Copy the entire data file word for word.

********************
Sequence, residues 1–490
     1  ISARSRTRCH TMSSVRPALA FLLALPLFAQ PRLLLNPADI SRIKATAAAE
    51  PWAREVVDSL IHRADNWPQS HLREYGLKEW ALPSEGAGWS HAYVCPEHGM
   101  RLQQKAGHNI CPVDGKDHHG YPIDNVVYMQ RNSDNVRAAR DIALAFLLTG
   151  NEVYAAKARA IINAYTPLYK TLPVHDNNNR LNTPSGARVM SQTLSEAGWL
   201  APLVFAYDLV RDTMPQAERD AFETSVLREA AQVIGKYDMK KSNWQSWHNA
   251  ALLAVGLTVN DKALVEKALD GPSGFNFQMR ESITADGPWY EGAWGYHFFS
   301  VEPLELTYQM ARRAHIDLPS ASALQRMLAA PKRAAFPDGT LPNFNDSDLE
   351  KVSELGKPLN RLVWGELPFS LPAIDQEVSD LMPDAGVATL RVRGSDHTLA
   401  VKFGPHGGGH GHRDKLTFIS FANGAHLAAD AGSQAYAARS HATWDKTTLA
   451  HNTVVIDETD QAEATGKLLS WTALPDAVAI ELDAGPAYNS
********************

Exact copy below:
Sequence, residues 1–490
     1  ISARSRTRCH TMSSVRPALA FLLALPLFAQ PRLLLNPADI SRIKATAAAE
    51  PWAREVVDSL IHRADNWPQS HLREYGLKEW ALPSEGAGWS HAYVCPEHGM
   101  RLQQKAGHNI CPVDGKDHHG YPIDNVVYMQ RNSDNVRAAR DIALAFLLTG
   151  NEVYAAKARA IINAYTPLYK TLPVHDNNNR LNTPSGARVM SQTLSEAGWL
   201  APLVFAYDLV RDTMPQAERD AFETSVLREA AQVIGKYDMK KSNWQSWHNA
   251  ALLAVGLTVN DKALVEKALD GPSGFNFQMR ESITADGPWY EGAWGYHFFS
   301  VEPLELTYQM ARRAHIDLPS ASALQRMLAA PKRAAFPDGT LPNFNDSDLE
   351  KVSELGKPLN RLVWGELPFS LPAIDQEVSD LMPDAGVATL RVRGSDHTLA
   401  VKFGPHGGGH GHRDKLTFIS FANGAHLAAD AGSQAYAARS HATWDKTTLA
   451  HNTVVIDETD QAEATGKLLS WTALPDAVAI ELDAGPAYNS